Question: I’m buying a new laptop computer and want to connect to the Internet on the road. Is it easy to set this up?
Answer: Yes – providing your laptop supports wireless connectivity.
That is, most laptops sold today include built-in "Wi-Fi’ technology — also referred to "802.11" or "wireless LAN" (local area network) — which means you can wireless log onto the Internet at broadband-like speeds so long as you’re in a "hotspot," such as in a café, airport lounge, hotel room, and so on. To find out if your location offers wireless connectivity, simply right-click the small Network icon in the lower right-hand corner of your Windows-based computer (near the clock), which looks like two small overlapping computer screens. Then, choose the option to "Connect to a Network" or "View Wireless Networks."
Not only will you be able to find out if you’re in a hotspot, but you can tell you if it’s "secure" or not, meaning you might need a password to gain access to the Internet and/or pay a small fee for the service. Once you choose one of the available networks, launch your favorite browser to see if you’re online.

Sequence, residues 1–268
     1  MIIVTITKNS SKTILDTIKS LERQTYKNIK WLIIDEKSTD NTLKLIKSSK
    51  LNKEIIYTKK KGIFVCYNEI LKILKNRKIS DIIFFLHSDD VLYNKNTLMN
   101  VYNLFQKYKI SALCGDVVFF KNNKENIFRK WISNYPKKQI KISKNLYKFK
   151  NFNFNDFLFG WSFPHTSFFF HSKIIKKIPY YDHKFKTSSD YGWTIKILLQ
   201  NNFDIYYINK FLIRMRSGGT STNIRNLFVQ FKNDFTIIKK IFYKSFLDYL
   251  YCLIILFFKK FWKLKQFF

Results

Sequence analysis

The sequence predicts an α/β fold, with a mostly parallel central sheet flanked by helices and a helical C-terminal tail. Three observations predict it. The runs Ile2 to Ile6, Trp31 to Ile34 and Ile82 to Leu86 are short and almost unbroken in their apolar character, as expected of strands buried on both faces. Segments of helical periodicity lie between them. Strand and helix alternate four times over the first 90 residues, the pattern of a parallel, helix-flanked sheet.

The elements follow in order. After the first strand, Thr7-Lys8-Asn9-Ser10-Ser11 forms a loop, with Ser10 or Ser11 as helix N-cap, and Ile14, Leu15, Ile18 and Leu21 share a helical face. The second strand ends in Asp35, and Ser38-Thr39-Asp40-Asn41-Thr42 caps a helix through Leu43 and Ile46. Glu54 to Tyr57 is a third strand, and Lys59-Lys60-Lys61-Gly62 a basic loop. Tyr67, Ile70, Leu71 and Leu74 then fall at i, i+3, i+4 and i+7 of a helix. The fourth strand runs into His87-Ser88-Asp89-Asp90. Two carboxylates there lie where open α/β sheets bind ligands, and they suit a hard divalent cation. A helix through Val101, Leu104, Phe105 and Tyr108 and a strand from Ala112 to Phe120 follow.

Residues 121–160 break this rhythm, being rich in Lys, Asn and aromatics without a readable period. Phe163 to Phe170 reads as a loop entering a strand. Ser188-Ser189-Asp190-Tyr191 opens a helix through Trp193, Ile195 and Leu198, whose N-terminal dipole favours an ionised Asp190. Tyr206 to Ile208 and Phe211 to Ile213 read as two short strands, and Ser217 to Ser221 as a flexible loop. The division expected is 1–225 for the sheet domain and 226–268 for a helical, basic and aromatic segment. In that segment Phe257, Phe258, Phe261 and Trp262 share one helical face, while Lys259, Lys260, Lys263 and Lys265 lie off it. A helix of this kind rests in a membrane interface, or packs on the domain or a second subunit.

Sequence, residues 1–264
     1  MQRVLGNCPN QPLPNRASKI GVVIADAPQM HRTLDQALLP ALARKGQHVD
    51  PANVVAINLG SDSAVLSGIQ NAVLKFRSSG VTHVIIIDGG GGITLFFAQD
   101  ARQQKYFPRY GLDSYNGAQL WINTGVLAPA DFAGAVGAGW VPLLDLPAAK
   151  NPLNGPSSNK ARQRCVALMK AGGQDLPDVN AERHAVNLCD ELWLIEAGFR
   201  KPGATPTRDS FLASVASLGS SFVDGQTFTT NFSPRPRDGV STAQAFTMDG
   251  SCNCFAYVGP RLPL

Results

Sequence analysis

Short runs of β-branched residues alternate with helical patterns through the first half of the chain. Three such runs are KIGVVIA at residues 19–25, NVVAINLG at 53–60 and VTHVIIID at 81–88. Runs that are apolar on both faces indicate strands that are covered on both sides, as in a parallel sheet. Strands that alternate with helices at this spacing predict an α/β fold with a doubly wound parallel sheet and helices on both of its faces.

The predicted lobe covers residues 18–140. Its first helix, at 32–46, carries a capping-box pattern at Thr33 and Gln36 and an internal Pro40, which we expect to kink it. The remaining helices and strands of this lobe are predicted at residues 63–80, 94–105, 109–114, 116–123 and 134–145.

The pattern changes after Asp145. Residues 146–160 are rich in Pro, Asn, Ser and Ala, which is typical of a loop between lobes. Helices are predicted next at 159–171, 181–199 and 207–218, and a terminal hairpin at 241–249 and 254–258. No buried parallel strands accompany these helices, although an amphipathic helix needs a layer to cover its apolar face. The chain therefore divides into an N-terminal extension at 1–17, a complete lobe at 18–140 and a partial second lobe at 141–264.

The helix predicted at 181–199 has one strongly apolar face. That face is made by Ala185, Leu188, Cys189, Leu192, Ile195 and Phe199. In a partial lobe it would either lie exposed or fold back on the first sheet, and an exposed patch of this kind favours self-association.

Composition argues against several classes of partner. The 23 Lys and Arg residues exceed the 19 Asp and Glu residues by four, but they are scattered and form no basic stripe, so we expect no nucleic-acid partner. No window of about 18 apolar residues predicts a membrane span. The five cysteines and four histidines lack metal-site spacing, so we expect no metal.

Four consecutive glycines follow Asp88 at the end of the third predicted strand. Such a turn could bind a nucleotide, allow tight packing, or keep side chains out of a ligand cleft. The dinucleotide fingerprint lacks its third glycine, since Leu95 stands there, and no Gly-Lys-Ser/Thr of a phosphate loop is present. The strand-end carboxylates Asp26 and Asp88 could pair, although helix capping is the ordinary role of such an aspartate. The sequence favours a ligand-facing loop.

While it’s tempting to go with the free services, watch out for phony Wi-Fi connections, which might be someone trying to steal your personal or financial information (if it’s the name of say, your hotel, it should be ok. When in doubt, ask the hotel, airport lounge or cybercafe for the name of their wireless network to look for). Of course, be sure to have a firewall and anti-virus program installed on your computer.
Some products, such as the keychain-sized Kensington Wi-Fi Finder Plus, let you sniff out if a wireless network is present before you even boot up your laptop.
If your laptop does not have integrated Wi-Fi connectivity, you can purchase a small PC Card (formerly "PCMCIA card") that snaps into the side of the computer, or a USB-based Wi-Fi key.
Some travelers who do not want to rely on finding an 802.11 hotspot are opting for a snap-in WAN (wide area network) PC Card that uses wireless cell phone technology to log onto the Internet. While not quite as fast as broadband – yet – some wireless network speeds aren’t too bad for Web browsing and reading email, including EVDO, EDGE and the latest buzzword, HSDPA (High-Speed Downlink Packet Access). Check your cell carrier to see what’s offered. Alternatively, you may also be able to connect your cell phone, PDA (personal digital assistant) or BlackBerry to your laptop via its USB cable and use it as a tethered modem to log online.